Wouldn’t it take forever to count the votes? Barnett argues that countries like France have a voting system similar to what her organization is calling for, and the French are able to determine an election’s winner on election day. Moreover, she points to recent failures in Texas elections that can make voting impossible.

Texas sees recurrent power outages. Power failed across DFW during this spring’s severe storms and during several heat waves in recent summers. The power infamously failed for days in the February 2021 winter storm.

More than 100 voting centers were unable to conduct voting during the most recent Dallas County elections because of prolonged power outages. This would not be an issue with hand-marked, hand-counted ballots, Barnett claimed, as any power outage could be overcome with flashlights.

Moreover, Barnett said that this simplified and uniform voting system would be more flexible to precincts’ needs. When voters vote through machines, they are constrained by the number of machines. With a hand-marked ballot system, polling stations can simply “add a table [with partitions] and get it done,” she said.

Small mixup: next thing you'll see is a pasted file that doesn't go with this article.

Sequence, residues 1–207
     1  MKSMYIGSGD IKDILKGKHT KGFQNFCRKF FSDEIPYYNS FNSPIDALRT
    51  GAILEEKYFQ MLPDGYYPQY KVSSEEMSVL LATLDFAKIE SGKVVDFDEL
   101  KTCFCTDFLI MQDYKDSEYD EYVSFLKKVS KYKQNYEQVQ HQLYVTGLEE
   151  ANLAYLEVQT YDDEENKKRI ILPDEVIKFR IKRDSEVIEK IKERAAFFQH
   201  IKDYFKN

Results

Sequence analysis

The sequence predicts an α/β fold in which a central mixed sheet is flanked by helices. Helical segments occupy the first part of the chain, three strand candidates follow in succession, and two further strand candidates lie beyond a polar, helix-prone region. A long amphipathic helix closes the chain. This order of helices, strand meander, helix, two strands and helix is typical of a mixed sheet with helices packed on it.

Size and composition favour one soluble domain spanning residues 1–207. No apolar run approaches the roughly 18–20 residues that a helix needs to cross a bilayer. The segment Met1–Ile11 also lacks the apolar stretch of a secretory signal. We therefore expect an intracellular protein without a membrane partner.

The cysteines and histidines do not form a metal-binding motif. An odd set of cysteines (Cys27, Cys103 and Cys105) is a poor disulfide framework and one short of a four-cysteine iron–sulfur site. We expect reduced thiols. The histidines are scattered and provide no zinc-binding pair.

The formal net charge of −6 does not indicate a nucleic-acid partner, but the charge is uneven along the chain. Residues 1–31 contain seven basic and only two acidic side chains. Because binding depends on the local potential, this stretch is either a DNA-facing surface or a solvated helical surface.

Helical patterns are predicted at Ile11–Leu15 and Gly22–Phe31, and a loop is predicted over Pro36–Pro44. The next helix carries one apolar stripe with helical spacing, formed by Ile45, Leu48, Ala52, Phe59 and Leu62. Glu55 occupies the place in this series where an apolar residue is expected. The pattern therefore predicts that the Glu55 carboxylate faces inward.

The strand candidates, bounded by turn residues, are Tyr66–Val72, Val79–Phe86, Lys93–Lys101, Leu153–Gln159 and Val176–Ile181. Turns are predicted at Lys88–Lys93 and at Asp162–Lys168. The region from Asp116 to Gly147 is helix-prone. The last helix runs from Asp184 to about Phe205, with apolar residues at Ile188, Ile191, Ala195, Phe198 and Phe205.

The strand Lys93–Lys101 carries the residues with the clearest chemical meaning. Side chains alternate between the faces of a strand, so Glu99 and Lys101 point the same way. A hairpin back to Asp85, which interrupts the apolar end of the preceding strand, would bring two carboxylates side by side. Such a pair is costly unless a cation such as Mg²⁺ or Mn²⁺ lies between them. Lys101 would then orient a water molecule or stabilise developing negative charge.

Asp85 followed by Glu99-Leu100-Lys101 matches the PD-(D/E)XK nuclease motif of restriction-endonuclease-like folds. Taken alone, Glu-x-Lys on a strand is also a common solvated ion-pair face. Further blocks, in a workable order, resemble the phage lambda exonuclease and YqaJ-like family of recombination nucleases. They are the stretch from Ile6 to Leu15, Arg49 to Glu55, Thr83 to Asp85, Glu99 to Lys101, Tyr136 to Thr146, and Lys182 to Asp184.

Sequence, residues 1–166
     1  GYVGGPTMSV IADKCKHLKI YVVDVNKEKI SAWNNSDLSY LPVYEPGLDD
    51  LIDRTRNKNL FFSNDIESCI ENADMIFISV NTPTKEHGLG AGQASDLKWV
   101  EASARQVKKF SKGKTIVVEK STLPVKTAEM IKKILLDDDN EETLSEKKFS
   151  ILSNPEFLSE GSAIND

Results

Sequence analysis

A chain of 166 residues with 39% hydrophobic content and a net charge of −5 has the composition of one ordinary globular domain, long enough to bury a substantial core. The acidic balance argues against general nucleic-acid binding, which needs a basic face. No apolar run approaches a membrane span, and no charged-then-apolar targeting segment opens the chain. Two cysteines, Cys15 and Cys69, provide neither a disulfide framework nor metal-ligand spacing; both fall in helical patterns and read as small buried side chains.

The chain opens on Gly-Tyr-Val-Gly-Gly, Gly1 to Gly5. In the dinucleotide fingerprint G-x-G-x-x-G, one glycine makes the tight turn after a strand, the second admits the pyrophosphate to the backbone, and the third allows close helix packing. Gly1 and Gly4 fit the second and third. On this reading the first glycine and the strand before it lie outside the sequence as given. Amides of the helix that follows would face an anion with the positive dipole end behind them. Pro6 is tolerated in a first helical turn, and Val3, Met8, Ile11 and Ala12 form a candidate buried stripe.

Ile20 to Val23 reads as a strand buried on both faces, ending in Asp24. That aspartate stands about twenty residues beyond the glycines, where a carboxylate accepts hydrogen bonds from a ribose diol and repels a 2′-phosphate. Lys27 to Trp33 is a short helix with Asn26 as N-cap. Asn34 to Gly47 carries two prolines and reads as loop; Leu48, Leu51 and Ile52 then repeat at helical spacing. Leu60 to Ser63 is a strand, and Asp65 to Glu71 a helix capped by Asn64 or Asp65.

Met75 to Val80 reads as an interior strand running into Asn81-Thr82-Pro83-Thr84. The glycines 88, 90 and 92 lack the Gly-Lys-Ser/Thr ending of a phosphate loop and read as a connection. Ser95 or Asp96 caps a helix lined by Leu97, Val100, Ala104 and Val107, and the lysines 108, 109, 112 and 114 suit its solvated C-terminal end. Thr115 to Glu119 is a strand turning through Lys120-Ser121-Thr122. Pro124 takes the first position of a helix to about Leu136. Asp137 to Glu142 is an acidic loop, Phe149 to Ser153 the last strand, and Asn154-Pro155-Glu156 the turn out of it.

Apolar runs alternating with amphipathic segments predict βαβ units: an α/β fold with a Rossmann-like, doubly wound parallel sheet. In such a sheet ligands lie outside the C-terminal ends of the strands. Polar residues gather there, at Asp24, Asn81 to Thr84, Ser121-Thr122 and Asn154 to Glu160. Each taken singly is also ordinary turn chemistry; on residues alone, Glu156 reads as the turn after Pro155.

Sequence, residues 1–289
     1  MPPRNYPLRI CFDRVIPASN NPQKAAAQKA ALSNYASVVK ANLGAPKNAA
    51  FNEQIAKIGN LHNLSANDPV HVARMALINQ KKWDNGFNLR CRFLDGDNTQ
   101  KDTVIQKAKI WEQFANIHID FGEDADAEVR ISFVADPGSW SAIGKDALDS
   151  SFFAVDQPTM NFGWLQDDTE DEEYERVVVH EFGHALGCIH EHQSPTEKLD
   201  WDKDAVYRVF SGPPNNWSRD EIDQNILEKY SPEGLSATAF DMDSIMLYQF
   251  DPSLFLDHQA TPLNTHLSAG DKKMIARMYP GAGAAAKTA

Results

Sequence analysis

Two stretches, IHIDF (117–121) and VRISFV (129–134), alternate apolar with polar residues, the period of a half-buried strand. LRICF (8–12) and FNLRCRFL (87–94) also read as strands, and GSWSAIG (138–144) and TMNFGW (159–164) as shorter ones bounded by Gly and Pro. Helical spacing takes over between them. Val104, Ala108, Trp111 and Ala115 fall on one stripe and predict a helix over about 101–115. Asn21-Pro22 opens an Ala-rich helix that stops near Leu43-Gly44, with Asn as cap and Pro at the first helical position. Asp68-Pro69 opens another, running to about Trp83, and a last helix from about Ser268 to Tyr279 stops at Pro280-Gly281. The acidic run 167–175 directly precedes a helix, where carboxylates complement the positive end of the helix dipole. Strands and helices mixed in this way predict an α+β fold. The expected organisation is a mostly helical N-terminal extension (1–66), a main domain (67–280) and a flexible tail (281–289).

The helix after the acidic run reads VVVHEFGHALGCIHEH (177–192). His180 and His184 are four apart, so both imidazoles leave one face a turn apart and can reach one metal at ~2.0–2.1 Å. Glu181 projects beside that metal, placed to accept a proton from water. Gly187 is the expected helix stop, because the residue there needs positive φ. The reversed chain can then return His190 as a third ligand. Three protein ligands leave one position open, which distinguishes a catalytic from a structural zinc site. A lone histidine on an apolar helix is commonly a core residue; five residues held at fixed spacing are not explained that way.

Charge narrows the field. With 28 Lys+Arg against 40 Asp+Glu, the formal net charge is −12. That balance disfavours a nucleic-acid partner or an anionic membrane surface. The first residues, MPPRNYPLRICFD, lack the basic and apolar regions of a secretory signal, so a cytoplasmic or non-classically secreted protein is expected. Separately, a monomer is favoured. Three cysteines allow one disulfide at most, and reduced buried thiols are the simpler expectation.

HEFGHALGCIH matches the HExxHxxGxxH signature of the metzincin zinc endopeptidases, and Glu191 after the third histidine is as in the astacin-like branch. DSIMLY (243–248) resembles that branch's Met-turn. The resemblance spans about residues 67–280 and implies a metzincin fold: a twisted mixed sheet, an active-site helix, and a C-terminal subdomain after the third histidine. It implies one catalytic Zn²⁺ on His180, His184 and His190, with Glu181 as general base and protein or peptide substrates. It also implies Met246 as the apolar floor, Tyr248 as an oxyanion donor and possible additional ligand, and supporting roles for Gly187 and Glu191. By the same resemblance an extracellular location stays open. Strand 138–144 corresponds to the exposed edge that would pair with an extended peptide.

Costs could be reduced, too, but this is a point that is hotly contested. Skeptics of paper ballots often argue that they are expensive to print and count, as reported by The Texas Tribune.

Barnett disagrees. She claims that jurisdictions often do not own their voting machines; rather, they are “renting.” The rentals on these machines cost taxpayers thousands of dollars. When a jurisdiction converts to county-wide voting, she said that state law mandates the entire county switch to digital voting machines, even if certain precincts would prefer to use another system or find it would be cheaper to use hand-marked ballots.

Verifiable elections are also important, and Barnett is not the only person to have found issues with the type of machines being used by Texas.